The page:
Breakthrough technology may shed new light on the functions of individual genes. How? By shining a light on them.

For some time, researchers studying individual gene expression have been forced to work within short timeframes, as the cells they monitor constantly toggle between different sets of genes. Although each cell contains the organism's entire genome, only a fraction is expressed at any given time, and just a minute later, the set of genes expressed at that moment may be radically different.

Now, scientists are finally able to study properly these fleeting genes. A new technology developed at Massachusetts Institute of Technology (MIT) and the Broad Institute can perturb individual gene expression by shining a light on the cell.

The new research tool, which originates in a technique called "optogenetics," uses light-sensitive proteins to manipulate RNA instructions within the cell. This allows scientists to activate or suppress specific genes almost instantly.

"Cells have very dynamic gene expression happening on a fairly short timescale, but so far the methods that are used to perturb gene expression don't even get close to those dynamics," says Silvana Konerman, a graduate student at MIT.

"To understand the functional impact of those gene-expression changes better, we have to be able to match the naturally occurring dynamics as closely as possible," she continued.

By approximating these dynamics, the new technology could prove indispensable in future efforts to link genes to specific functions, especially those relevant to cognitive functions like memory and learning. In addition, the system will help researchers study "epigenetic modifications," or chemical alterations to proteins surrounding DNA.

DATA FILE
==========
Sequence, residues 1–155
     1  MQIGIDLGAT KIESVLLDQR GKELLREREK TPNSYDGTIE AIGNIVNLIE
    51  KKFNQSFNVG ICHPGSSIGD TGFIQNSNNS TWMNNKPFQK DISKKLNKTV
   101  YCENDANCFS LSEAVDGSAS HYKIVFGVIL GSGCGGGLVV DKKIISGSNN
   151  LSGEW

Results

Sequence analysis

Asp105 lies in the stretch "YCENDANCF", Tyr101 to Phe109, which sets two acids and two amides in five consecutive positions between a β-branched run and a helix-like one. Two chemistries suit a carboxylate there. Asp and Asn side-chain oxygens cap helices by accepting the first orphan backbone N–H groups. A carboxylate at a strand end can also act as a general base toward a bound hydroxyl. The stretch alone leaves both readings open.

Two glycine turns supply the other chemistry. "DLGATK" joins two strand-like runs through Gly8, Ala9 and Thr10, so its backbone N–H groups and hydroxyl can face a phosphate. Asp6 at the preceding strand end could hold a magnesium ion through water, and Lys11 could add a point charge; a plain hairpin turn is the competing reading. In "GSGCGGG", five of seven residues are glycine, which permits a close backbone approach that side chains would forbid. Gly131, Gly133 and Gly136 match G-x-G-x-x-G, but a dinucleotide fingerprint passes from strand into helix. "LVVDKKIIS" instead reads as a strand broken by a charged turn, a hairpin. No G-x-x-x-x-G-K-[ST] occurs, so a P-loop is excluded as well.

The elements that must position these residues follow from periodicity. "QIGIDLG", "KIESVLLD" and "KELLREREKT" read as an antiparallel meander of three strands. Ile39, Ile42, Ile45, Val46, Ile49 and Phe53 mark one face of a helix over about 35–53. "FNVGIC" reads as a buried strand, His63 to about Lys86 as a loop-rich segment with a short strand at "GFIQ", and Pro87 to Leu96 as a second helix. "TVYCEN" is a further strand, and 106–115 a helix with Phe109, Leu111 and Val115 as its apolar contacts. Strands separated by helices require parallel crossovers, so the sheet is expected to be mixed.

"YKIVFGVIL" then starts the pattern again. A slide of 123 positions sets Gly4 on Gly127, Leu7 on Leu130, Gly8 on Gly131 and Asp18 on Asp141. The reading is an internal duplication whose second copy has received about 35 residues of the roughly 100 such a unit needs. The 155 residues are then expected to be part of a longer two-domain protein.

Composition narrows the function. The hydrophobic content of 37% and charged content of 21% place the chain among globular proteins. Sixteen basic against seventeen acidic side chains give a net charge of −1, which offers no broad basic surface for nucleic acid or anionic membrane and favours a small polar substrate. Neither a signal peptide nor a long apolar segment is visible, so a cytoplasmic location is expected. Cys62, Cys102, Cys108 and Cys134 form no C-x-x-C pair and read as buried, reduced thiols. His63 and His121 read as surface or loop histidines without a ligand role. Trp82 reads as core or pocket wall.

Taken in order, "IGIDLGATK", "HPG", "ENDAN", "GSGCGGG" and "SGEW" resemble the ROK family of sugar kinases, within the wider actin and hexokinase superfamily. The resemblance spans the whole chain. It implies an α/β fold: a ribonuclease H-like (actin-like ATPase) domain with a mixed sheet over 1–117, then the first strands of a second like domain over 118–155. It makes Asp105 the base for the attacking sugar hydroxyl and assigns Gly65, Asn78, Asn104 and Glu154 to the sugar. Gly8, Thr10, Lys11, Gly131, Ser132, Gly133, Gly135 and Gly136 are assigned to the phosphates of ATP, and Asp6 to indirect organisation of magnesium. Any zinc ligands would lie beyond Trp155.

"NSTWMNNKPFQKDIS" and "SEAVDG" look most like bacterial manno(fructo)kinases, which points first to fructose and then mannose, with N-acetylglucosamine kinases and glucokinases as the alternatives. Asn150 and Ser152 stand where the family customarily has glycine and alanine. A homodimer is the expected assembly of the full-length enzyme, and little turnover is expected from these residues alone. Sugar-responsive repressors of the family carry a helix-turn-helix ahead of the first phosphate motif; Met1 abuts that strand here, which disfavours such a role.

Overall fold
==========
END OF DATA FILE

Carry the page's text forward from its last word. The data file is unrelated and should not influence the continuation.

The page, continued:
To test the technology, scientists targeted around 30 different genes in neurons and live animals. By emitting a single pulse of light, the system set off a tremendously intricate biological process, whereby various components reacted to initiate DNA copying within the cell. The team found that by shining the light once every minute, they could maintain this transcription for the desired period, thus circumventing previous time limits.

Professor Karl Deisseroth, of Stanford University's Department of Bioengineering, noted that the system's most important innovation is its capacity to control the transcription of naturally occurring genes, as opposed to scientifically engineered ones.

"You could control, at precise times, a particular genetic locus and see how everything responds to that, with high temporal precision," he said.

The technology thus promises a reliable method to approximate the dynamics of particular genes, and subsequently study the individual functions our genome is programmed to express. However, with 20,000 genes in the human cell, a rather long road may lie ahead.